Lough Foyle SPA

Status: Designated


Site overview

This site lies on the north-west coast of Northern Ireland and straddles the international border with the Irish Republic. The site comprises a large, shallow sea lough that includes the estuaries of the rivers Foyle, Faughan and Roe.  The site is made up of mudflats, sand-flats, salt-marshes and associated brackish ditches. This is an important area for waterbirds during the spring and autumn migration periods, and in winter. These include swans, geese, ducks and waders. The lough is especially notable in supporting a high proportion of the international population of Canada/Ireland light-bellied brent goose.  

MPA Type

Special Protection Area

Special Protection Areas (SPAs) are strictly protected sites designated uner European legislation. They are established to protect rare and vulnerable birds and for regularly occurring migratory species.

Designation date

1 January 1999

Surface Area

22.04 km2 (8.51 mi.2)


165.21 km (102.66 mi.)

  • Bar-tailed godwit (Limosa lapponica)

    A long-billed, long-legged wading bird that visits the UK in the winter.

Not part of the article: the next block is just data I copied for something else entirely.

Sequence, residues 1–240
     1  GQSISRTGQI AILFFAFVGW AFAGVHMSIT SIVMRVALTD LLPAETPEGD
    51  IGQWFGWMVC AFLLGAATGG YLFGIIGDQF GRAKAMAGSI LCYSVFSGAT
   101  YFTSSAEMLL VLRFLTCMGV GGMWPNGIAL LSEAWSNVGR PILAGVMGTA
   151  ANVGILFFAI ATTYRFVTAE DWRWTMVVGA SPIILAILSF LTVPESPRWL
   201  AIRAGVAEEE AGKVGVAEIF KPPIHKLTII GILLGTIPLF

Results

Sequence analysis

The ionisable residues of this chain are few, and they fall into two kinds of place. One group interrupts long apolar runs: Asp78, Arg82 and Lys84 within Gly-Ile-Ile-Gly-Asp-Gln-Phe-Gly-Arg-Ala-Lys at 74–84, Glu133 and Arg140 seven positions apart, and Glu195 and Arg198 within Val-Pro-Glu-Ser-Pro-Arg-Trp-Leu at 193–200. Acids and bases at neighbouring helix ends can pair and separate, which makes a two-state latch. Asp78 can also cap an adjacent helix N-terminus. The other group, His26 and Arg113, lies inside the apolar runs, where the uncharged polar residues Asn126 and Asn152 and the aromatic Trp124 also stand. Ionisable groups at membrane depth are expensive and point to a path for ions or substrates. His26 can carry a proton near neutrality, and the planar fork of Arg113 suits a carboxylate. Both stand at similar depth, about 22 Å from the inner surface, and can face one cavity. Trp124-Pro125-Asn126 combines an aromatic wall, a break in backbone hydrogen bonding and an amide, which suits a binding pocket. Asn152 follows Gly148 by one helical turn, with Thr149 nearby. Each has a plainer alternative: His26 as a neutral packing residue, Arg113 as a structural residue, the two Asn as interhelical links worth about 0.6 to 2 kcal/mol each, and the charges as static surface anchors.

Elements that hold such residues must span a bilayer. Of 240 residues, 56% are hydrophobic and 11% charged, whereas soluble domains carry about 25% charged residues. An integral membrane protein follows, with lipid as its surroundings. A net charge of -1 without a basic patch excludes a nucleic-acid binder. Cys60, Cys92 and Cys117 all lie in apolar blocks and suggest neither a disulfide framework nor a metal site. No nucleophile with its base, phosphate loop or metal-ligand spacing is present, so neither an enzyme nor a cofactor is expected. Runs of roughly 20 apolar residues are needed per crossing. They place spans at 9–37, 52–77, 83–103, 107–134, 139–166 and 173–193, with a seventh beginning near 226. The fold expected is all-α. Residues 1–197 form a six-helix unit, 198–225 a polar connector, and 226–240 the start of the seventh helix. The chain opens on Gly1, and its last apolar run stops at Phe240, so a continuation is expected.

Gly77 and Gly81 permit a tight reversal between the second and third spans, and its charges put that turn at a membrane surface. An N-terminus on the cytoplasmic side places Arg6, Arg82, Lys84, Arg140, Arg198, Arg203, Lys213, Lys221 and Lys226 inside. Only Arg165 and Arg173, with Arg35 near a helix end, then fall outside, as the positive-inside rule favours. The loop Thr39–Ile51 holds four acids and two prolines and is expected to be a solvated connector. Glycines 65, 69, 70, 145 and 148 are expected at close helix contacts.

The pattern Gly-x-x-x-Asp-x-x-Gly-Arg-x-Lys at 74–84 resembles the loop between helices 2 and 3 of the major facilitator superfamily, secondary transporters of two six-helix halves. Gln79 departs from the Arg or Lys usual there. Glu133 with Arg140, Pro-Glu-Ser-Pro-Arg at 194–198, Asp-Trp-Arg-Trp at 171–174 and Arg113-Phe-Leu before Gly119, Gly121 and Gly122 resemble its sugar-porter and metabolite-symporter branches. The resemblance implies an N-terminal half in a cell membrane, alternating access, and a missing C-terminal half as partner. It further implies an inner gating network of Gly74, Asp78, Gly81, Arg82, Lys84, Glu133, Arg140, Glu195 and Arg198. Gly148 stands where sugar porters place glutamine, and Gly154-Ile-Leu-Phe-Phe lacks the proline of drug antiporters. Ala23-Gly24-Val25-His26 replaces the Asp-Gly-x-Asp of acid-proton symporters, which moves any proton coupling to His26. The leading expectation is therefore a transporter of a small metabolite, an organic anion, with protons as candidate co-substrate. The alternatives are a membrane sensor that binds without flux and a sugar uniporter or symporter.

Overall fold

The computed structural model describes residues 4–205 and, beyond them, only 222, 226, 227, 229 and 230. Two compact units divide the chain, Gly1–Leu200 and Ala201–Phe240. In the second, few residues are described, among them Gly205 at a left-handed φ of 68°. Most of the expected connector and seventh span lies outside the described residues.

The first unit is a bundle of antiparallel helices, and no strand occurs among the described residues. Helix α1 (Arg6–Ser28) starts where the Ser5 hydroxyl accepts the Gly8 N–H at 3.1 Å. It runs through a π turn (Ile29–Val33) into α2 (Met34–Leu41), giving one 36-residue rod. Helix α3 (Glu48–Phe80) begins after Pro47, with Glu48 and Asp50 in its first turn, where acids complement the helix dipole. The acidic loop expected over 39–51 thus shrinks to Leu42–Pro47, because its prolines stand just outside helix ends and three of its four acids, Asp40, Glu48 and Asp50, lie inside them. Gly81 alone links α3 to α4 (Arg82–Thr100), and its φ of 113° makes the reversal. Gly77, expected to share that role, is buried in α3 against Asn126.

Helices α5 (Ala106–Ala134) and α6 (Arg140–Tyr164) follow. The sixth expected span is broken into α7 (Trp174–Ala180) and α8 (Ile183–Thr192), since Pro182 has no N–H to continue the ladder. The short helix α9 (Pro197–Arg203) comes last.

• Waterfowl assemblage

    Important areas where a number of waterfowl species occur in significant numbers.

  • Light-bellied brent goose (Branta bernicla hrota)

    A small dark goose with small wintering populations in the UK. it is vulnerable as the entire population depends on less than ten wintering sites.

  • Tidal rivers, Estuaries, Mud flats, Sand flats, Lagoons (including saltwork basins)
  • Salt marshes, Salt pastures, Salt steppes

Did you know?…

An area over 9 times the size of Wales is now in marine protected areas in the UK, but less than 1% is considered by MCS scientists to be well managed

Over half a million people have voiced their support for ‘marine protected area’ designation in the UK through our campaigns

Over 500,000 records on undersea habitats and species have been collected by volunteer Seasearch divers providing significant evidence for inshore ‘marine protected areas’